Lentils belong to the pulse or legume family, like peas and beans, but they are actually seeds. The biggest advantage of lentils versus beans is the fact that they don’t require soaking and they are best cooked in flavoured water or within a recipe for a soup or stew. Red or yellow lentils can be added directly to the pot and will act, as a thickener as they do not keep their shape. Brown, green and black lentils can be added around half an hour or so before the dish is finished and they will retain their shape and have a nice almost meaty texture.
Lentils are a great source of protein for vegans and vegetarians. They are versatile, packed with vitamins and minerals and 100 grams will contain 26g of protein, which will provide you with nearly 52% of the daily-recommended allowance.
Varieties of Lentils
Puy lentils are considered ‘gourmet’ and are grown in a very specific region of France. They are small and dark and can be expensive. They take around 30 minutes to cook and are perfect served as a side instead of potatoes or a starch. They are also wonderful in some French cassoulet recipes, but you can substitute N. American green lentils for Puy if you can’t find them.
Green lentils are similar to the Puy lentil but they are grown outside the named region. In some cases they are a little bigger than the Puy lentil but they are the most alike in the sense of cooking times and flavours. It can be hard to tell the difference between the brown or green lentils but if the package is simply labeled lentils, it will be the brown standard kind. They take around the same time to cook at the Puy lentils and will retain their texture and taste more so than the brown.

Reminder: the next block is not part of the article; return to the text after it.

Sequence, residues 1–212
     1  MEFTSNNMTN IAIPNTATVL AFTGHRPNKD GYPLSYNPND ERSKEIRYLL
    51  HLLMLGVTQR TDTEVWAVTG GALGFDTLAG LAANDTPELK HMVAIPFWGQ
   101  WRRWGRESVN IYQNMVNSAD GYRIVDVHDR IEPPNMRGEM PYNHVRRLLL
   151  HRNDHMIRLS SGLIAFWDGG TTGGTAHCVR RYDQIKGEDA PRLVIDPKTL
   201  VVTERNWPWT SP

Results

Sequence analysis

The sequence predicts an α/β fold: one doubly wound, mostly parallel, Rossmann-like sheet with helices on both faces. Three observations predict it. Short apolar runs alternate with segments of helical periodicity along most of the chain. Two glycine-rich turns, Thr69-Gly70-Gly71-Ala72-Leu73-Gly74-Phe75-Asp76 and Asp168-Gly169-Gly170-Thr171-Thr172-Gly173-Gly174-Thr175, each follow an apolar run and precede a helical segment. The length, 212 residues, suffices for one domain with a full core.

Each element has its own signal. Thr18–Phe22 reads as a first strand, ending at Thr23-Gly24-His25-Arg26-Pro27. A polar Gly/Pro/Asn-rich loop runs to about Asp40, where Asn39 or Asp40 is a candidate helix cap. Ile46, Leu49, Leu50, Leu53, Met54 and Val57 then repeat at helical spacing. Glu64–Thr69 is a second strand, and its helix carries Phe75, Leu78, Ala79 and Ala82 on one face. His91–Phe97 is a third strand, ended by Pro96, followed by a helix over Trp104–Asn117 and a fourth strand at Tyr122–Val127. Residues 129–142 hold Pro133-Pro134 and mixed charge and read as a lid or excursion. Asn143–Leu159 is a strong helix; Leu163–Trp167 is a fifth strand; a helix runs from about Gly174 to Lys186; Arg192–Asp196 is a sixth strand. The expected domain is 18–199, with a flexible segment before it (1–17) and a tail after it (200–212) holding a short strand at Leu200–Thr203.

The most common lentil and slightly larger than the green or gourmet types these lentils will be the most familiar. They are sold in virtually all grocery stores as well as in bulk and are very inexpensive. They have a great earthy slightly peppery flavour and blend well with almost every recipe. They take around 30 to 40 minutes to cook and will become soft but retain their shape. They are a wonderful addition to soups, stews, crock-pot meals and slow cookers.
Yellow lentils are most commonly used in Indian cooking and there are two types of yellow lentils. The first is Mung/Moong Dal. These are produced from dried and split mung beans with the ‘shell’ removed’. They are sometimes confused with Channa Dal, which is related to the chickpea family, or yellow split peas but they are not the same legume.
There are also toor lentils from India that are yellow with a tan shell, they’re sold skinned and split. They have a mild, nutty flavor, and they’re often cooked as a side dish or ground into flour.
There are two types of red lentils; the first kind, which is a small salmon coloured lentil, is the result of drying and splitting masoor dal. There is also a larger red lentil, which is a much softer almost pinkish salmon colour. They are a little bit larger than red lentils taking about 20 minutes to cook. They become quite mushy after cooking and are fantastic in curries. Masoor (also known as red lentil, Hindi: masoor, Gujarati: masoor) is a brown skinned lentil that is an orangey salmon color on the inside. Masoor dal has a pleasant earthy flavour and is very common in Northern India. It is used to make dal, soups and stews.
Black beluga lentils are a ‘gourmet’ lentil that is a small black lens shaped lentil. They are small and when cooked have a soft creamy texture that goes well with fish and seafood dishes. They are named Beluga for their resemblance to caviar as they tend to retain a little shine when cooked.
If you need more information about lentils, grain or pulses or you are looking for a Canadian lentil exporter, give AdasCan Grain a call at +1 (416) 548-5901 today!
Extracted from: https://theeverydayvegetarianuk.wordpress.com/2013/11/22/confused-by-different-types-of-lentils/
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